A new study presented today has unmasked concerning inequities and inconsistencies in Victoria’s diagnosis and treatment of lung cancer, with notable variation in practice between public and private hospitals and metro and regional centres.
Poor adherence to clinical guidelines and delays in getting people to treatment are also common.
The results are being presented for the first time at Lung Foundation Australia’s 2020 Australian Lung Cancer Conference (ALCC) at the Melbourne Convention Centre from 19-21st February.
“If you’re a Victorian diagnosed with lung cancer today, the quality of care you receive and therefore your chances of survival might be heavily influenced by whether you live in the city or the country, your age, or if you have public or private health care,” explains Lung Foundation Australia CEO Mark Brooke.
“The findings of this study could have serious implications not just for Victoria but for Australia as a whole,” he said.
The Victorian Lung Cancer Registry (VLCR), based at Monash University’s School of Public Health and Preventive Medicine, is Australia’s first state-wide initiative to measure and benchmark quality of care in newly diagnosed lung cancer patients. The aim is to identify clear actionable targets for quality improvement. It has been running since 2011.
In 2018, 2117 newly diagnosed patients from 44 hospitals and 19 health services were placed on the Registry, capturing 85 per cent of new cases in Victoria.
Some of the variations identified include:
Time from diagnosis to treatment: Patients in private care are three times more likely to be on treatment within 14 days after diagnosis (78 per cent) than regional patients (26 per cent) and almost twice as likely as patients in the public health system (41 per cent). The importance of this was highlighted by another study at the conference, which showed that early-stage patients with the most common form of cancer (NSCLC) who start treatment within 14 days live longer than those treated after more than 14 days.
Time from referral to treatment: 61 per cent of private patients in 2018 received treatment within 42 days of referral, as opposed to just 26 per cent of public patients and 32 per cent of regional patients.
Age: Compared to younger patients, elderly patients diagnosed with advanced-stage lung cancer were found to a have a four-fold lower likelihood of active treatment and disproportionately higher mortality (26.9 per cent), even after adjusting for confounders. This is associated with them being less likely to be prescribed treatments, even when their general health is equivalent to younger patients.
Poor adherence to clinical guidelines across all services: All health services are doing a poor job of adhering to clinical guidelines, particularly in terms of offering supportive care assessments, which should take place regularly to ensure lung cancer patients are receiving the social, psychological and pastoral support they require. Participation in Multi-disciplinary Care Meetings (MDM), similarly designed to provide optimal access to care and to the most appropriate treatment, was also low.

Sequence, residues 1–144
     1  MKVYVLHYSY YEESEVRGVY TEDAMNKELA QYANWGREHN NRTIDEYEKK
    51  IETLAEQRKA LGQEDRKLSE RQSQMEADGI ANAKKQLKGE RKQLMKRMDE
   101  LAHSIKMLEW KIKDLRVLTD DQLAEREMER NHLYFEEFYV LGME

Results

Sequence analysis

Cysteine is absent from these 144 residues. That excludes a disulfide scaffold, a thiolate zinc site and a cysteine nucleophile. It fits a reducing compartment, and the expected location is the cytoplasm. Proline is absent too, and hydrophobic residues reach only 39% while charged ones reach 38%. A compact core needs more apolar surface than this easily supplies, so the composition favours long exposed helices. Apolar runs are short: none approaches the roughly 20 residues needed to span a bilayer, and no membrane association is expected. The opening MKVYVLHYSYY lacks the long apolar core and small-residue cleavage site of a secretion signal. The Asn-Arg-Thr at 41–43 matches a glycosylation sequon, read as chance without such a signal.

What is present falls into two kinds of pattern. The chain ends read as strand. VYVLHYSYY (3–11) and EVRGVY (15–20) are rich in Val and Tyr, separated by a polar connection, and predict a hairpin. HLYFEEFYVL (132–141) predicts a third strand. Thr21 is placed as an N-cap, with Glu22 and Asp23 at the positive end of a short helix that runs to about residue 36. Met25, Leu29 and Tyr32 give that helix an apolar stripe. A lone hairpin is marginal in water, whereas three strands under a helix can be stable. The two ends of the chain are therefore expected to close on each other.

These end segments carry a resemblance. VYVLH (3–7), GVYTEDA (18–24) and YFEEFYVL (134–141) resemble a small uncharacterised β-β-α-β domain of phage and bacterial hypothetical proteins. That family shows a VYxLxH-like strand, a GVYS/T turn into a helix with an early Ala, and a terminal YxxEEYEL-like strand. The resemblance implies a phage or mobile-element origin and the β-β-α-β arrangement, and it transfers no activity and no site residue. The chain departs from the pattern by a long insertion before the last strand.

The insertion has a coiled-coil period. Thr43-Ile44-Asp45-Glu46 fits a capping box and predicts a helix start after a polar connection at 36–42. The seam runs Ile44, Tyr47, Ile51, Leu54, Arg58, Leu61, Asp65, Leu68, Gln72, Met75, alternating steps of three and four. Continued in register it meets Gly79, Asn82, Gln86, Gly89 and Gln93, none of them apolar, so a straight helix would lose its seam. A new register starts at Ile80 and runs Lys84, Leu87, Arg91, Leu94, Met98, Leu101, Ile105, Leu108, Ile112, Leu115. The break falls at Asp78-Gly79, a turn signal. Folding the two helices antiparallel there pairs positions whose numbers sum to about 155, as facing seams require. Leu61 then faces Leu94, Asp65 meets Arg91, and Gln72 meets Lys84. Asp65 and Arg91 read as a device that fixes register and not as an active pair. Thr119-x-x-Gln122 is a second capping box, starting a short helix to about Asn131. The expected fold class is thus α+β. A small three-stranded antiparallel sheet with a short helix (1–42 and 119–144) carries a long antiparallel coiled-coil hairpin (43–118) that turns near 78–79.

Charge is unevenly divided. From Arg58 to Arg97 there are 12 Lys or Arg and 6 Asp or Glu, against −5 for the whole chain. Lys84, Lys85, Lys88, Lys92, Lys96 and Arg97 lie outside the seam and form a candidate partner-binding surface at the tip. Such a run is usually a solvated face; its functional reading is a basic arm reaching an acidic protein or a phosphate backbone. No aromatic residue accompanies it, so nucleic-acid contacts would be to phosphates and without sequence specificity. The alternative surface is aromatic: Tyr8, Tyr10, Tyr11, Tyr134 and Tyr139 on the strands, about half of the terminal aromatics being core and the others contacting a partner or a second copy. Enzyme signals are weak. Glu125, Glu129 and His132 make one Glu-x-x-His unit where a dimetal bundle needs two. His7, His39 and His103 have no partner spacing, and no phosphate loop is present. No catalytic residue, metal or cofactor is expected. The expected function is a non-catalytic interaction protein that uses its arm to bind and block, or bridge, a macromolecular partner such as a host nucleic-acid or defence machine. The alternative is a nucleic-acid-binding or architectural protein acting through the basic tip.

According to VLCR Clinical Lead & Steering Committee Chair A/Prof Robert Stirling, much of this variation in practice could be due to the absence of available, trained specialist lung cancer nurses (SLCN).
“The presence of a specialist lung cancer nurse at diagnosis is a key quality indicator in the UK. They are considered essential to communication, continuity and coordination; helping the patient and their family understand their cancer and treatment options and ensuring they receive appropriate initial treatment and long-term follow-up. But here in Australia we have the full time equivalent of just 12 specialist lung cancer nurses to take care of the more than 12 800 new patients diagnosed each year,” he said.
This is in stark contrast to the more than 450 cancer nurses for breast and prostate cancer.
Researchers say the Registry identifies clear actionable targets for quality improvement.
“Across the board, there’s a lot we need to do,” says A/Prof Stirling.
“We need to get better at identifying the psychosocial and distress support needs of our patients.
“We need to do more to ensure that our patients are being discussed in MDM and have the support of a specialist lung cancer nurse, as per clinical guidelines.
“We need to get people on treatment faster.
“And we need to address inequities to ensure that all Australians have equal access to high-quality lung cancer care,” he said.
The results of this study reconfirm the inequities that Australians diagnosed with lung cancer are facing,” Mr Brooke said.
“Despite being our nation’s biggest cancer killer, there is limited investment into dedicated research and no funding to increase the workforce capacity of specialist lung cancer nurses. We know access to a specialist cancer nurse improves outcomes by 34 per cent so it’s time our government starts giving Australians diagnosed with lung cancer a fair fight.”
On Wednesday 19th February 2020 Lung Foundation Australia launched a petition calling on the federal government to fund 15 specialist lung cancer nurses in this year’s budget. Signatures are being collected from the general public as well as healthcare professionals and presented to the House of Representatives in March.
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